An exclusive inside look at the New York City Horse and Carriage Association
The Central Park horse carriage controversy as the drivers see it
Last weekend New York City’s Horse and Carriage Association hosted ClipClop NYC to educate people about the carriage industry. MOLLY MULDOON explores the daily routine of the industry which has received increasing opposition from animal rights activists in recent years.
Emerging from the subway at Central Park South, the smell of horse drawn carriages stirs your senses before any animals are in sight. On a mild afternoon, Stephen Malone, president of the
Horse and Carriage Association, is casually brushing his horse, Paddy, as the large white-haired steed stands poised on the edge of the park.
This has been Paddy’s existence for over a decade. He hauls enthusiastic tourists around Central Park, typically for 20-minute intervals at $50 a pop.
Last year, Paddy had a VIP passenger when the 2011 St. Patrick’s Day parade grand marshal, Irish American author Mary Higgins Clark, led the parade in a black vis-à-vis horse drawn carriage up Fifth Avenue.
But after 12 years of life in Manhattan, the 19-year-old horse is set to retire to Blue Star Equiculture Draft Horse Sanctuary in Massachusetts, the new official retirement venue for horses in the Horse and Carriage Association of New York City.
Paddy is one of an estimated 215 horses that comprise New York City’s licensed carriage horse industry -- a business that has long been the target of animal rights activists, eager to ban horses from the city’s streets.
Malone told the Irish Voice he has known no other job in his adult life and that his career as a New York carriage driver is something he inherited from his father, an Irish immigrant.
“My dad taught me -- you put on your top hat and your bow tie. If you’re a big man, you have a big horse,” Malone said of his father, who came from Co. Louth as a blacksmith in 1964.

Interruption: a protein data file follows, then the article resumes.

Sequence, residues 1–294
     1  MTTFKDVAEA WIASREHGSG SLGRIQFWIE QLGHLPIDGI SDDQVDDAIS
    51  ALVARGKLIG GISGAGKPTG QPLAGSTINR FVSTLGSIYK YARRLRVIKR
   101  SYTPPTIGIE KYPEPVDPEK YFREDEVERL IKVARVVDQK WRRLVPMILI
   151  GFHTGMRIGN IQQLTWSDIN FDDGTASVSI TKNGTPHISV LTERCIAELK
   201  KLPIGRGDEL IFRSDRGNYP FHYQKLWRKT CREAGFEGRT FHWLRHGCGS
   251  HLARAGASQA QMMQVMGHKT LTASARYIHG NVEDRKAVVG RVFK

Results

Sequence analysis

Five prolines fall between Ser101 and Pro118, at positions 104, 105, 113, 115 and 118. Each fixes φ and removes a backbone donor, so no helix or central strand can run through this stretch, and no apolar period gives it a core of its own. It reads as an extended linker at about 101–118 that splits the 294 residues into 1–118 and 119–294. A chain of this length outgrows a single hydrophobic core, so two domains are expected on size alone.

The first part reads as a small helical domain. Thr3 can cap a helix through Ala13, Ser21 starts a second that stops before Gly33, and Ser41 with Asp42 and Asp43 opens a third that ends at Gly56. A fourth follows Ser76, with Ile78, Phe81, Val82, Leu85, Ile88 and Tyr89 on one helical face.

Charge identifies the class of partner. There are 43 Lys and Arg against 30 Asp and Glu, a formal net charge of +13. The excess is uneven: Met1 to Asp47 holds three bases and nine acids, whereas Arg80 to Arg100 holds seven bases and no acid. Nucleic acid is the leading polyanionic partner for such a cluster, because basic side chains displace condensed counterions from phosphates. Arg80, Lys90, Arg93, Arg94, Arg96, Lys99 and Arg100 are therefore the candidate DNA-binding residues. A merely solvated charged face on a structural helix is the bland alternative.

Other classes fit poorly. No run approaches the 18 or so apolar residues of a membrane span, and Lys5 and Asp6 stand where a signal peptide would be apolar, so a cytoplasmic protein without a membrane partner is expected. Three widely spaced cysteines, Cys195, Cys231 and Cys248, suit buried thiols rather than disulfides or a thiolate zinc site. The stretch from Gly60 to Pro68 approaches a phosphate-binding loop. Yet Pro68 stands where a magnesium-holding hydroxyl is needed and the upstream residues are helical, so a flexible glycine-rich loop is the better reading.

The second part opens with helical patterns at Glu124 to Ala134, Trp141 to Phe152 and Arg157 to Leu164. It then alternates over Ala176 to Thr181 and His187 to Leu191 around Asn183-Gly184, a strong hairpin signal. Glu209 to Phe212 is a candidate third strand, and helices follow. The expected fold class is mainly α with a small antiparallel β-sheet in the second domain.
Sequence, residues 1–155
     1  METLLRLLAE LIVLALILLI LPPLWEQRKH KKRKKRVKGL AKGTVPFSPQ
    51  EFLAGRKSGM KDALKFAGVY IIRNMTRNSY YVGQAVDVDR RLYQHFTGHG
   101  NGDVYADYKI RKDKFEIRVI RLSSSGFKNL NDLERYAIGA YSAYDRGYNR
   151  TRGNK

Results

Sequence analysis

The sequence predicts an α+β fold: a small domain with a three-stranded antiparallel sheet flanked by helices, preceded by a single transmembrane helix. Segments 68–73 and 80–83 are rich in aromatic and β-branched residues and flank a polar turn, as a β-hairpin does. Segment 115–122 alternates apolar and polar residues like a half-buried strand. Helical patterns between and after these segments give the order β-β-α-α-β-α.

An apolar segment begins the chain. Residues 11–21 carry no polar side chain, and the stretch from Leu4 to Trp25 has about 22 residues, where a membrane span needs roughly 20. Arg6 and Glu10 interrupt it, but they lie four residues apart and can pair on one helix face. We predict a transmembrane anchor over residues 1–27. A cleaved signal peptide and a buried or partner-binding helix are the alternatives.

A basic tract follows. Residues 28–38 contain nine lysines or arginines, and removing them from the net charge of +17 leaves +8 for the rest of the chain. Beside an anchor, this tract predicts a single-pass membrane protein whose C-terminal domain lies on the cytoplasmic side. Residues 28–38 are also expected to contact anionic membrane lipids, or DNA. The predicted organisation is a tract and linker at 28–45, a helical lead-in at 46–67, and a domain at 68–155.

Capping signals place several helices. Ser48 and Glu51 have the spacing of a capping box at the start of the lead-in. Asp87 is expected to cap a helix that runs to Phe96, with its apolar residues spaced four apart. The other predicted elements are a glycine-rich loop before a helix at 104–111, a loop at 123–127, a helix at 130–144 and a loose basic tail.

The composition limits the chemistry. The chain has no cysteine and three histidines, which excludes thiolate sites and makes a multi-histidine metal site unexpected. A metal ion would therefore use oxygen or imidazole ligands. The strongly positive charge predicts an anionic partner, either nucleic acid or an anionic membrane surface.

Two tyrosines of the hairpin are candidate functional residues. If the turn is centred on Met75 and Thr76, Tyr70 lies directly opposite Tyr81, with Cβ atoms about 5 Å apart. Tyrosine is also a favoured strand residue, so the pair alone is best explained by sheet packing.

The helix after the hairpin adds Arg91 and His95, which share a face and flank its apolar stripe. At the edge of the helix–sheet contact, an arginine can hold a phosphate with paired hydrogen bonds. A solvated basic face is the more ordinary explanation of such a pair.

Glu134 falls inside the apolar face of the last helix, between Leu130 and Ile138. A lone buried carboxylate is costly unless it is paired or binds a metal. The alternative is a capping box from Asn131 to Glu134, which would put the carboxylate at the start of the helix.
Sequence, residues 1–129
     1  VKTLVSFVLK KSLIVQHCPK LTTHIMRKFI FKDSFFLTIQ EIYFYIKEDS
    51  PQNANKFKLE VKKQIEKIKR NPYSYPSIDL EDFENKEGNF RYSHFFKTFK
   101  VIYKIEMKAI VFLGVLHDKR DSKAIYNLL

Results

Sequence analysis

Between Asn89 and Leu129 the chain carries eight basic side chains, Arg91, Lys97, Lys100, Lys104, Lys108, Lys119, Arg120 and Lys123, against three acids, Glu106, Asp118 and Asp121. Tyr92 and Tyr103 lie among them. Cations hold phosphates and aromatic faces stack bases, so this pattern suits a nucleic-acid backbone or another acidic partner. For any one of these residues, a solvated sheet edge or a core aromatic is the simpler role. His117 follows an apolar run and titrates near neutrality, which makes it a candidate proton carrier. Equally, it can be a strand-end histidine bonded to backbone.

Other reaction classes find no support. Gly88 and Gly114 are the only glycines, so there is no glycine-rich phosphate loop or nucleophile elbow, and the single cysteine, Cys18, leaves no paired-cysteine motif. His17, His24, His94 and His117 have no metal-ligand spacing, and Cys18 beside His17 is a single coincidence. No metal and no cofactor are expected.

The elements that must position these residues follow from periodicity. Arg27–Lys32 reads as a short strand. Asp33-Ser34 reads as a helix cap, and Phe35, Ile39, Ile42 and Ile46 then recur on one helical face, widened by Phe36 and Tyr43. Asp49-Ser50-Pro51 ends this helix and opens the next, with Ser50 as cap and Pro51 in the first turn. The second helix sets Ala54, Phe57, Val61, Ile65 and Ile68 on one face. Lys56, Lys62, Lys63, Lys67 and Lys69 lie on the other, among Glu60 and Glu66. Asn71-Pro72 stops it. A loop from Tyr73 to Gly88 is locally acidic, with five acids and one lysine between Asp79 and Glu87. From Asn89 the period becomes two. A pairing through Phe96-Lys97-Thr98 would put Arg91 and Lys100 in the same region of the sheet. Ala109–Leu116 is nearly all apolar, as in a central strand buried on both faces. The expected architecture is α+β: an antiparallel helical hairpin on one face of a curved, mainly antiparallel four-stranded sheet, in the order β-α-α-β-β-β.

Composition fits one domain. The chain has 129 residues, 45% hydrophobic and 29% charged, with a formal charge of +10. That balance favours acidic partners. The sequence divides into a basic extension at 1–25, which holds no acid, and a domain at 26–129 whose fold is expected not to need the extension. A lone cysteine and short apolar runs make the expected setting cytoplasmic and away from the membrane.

Carrying on his father’s tradition, Malone displays his 25-year experience as he seizes a sale opportunity as two approaching tourists admire Paddy.
“Hi ladies, want a horse and carriage ride?”
Moments later the two female passengers are perched in the carriage, awaiting their amble through New York City’s most famous park, as Paddy trots on.
Like many of the city’s industries, the horse and carriage trade is almost entirely reliant on tourists. And many of those who work in the industry are Irish.
“The tourists love them,” Mayor Michael Bloomberg has remarked in the past. “They are well treated, and we’ll continue to make sure that they are well treated.”
TESTAMENT to their popularity among the city’s tourists, the Irish Voice observes a couple and their two children descending from their carriage ride on 59th street, as the two flame-haired daughters feed the horse a carrot.
On vacation from Orlando, Florida, they request to be simply referred to as the Bedford family. The husband and wife don’t think there is anything wrong with having horses in Manhattan.
“I think they treat the animals well; it gives them a different opportunity to do something unique,” the mother told the Irish Voice.
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